Making our way through one of the most desolate sections of Utah, just outside of Monument Valley, the DSLR malfunctioned. We soon discovered that the power switch had broken from the inside, and it was impossible to shut the camera off. The problem could be worse, but on the multiple-day expeditions that were coming, a camera that wouldn’t shut off meant serious trouble. Initially, we thought we would just simply take the battery out of the camera when weren’t using it. That would be the simple solution. However, after speaking with Canon over the phone, they warned us of the risk we were taking. Any time we cut the power to the camera by taking the battery out, we risked corrupting or completely losing any and all photos that were on the card in the camera. They told us that if the risk is worth it, than it shouldn’t be a big deal, but because we’re photographing and filming nearly 40GB at a time, and because we have promises to fulfill, we don’t see that risk as “worth it.”
We were in a total log jam. Add to this fact that we hadn’t considered sleeping arrangements in Page until the fourth night, and our journey becomes a lot more stressful than it was only hours before.
Tackling these things was not easy. It was difficult for us both, being stressed and trying to work together to figure something out. For a short time, I thought the trip would need to end. We don’t the money in our budget to get a new DSLR, and we don’t have the time to wait for a repair. The trip is too large and our promises too many to record the entire trip with our phones. It truly seemed over for us.
Stacey mentioned to me in the anxiety-ridden car ride that this was just a test. God wants us to learn how to tackle the hardest of situations together. He knows that we need to work as a team, not just on this trip, but in life. She said all of this was God testing our relationship. She asked me if we’d let something like this ruin the trip I’d been waiting so long for.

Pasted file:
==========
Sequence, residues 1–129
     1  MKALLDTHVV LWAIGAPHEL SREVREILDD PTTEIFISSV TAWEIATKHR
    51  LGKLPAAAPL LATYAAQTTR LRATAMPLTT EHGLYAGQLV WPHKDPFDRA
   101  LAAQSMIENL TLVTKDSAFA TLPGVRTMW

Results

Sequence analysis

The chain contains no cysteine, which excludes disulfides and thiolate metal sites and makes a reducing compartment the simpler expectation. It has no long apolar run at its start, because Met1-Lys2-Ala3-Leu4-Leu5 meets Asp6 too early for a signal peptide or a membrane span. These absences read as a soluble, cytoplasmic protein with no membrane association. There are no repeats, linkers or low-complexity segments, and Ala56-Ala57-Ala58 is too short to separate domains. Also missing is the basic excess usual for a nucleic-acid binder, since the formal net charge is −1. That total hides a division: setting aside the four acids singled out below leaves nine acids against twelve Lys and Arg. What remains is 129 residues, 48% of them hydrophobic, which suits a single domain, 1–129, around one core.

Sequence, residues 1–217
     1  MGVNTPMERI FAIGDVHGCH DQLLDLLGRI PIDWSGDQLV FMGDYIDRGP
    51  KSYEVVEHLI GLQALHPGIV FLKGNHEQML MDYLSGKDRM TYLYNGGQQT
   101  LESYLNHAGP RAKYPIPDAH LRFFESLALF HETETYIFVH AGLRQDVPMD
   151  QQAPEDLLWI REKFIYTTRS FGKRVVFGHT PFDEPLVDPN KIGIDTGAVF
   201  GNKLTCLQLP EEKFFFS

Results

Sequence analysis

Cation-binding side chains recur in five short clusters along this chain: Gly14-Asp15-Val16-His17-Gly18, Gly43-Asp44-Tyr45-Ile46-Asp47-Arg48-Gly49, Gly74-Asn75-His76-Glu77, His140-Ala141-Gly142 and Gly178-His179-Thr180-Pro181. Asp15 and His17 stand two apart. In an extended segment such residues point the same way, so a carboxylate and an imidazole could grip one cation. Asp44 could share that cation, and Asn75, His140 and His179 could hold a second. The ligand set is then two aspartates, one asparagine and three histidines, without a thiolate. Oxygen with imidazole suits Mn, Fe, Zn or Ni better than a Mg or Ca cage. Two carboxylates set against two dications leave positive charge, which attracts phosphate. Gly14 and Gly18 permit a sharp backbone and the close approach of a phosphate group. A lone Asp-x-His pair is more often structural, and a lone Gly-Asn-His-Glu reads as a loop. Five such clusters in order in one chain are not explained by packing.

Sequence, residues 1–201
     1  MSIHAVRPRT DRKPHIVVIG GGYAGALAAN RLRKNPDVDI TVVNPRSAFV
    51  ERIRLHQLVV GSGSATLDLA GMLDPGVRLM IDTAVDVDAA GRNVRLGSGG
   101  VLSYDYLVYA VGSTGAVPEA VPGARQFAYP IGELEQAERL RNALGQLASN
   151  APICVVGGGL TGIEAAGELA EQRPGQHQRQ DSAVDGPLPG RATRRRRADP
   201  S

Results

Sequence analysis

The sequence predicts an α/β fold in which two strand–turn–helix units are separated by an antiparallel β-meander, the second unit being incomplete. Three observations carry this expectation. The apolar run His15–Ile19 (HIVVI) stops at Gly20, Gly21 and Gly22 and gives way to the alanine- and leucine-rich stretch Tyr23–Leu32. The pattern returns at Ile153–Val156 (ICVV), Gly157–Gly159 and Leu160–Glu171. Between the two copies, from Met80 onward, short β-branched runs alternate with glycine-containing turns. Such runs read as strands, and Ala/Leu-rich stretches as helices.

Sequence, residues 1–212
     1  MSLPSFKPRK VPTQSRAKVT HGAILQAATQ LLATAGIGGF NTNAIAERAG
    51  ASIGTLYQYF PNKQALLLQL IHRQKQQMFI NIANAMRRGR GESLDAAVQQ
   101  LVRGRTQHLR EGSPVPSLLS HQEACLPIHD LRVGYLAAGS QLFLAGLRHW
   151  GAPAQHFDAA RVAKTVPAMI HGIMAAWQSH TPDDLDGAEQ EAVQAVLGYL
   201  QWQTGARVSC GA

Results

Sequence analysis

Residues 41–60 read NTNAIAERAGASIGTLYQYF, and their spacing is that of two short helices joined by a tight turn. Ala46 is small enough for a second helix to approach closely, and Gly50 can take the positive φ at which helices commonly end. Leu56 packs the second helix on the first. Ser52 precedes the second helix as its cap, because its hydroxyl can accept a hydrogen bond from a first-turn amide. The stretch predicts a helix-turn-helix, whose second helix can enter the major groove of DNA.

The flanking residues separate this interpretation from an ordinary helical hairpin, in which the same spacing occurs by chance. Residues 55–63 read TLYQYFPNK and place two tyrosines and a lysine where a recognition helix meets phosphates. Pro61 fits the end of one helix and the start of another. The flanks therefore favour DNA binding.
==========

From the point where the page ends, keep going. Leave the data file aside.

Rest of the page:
That really made me think. There’s no way we’d be on this journey without each other. Without God. I think that it was in those moments, driving into the Monument Valley Sunset with the most perfect person in the world for me, that I realized that I wasn’t meant to take this trip without her. But with her, there was nothing that could end our trip. Not even a busted DSLR. This was a test. A test of our teamwork, of our resolve as partners. I felt a strange peace wash over my skull in that thought process. It was soothing, knowing everything was okay.
When we got to Page, we made a bee line for McDonald’s; the only place that had wifi and was still open. We devoured horribly processed fast food and worked everything out. Together. As a team. Stacey’s mom, a saint, generously loaned us the money we needed to purchase a new DSLR, informing us that we could pay her back in time. Of course, neither of us could conjure up a way to properly thank that sort of kindness.
When all our major issues were finally resolved at Mickey Dee’s, it was after 11PM and we still had no place to sleep. We were too tired to try contacting anybody, and too broke to opt for a hotel, so our exhausted brains decided on the only thing they could think of; car camp at Horseshoe Bend’s parking lot. Any nervousness of being ticketed for this were wisped away at the sight of another group doing the same thing, and without any ado, we pitched our tent and passed out, drained completely and in every way.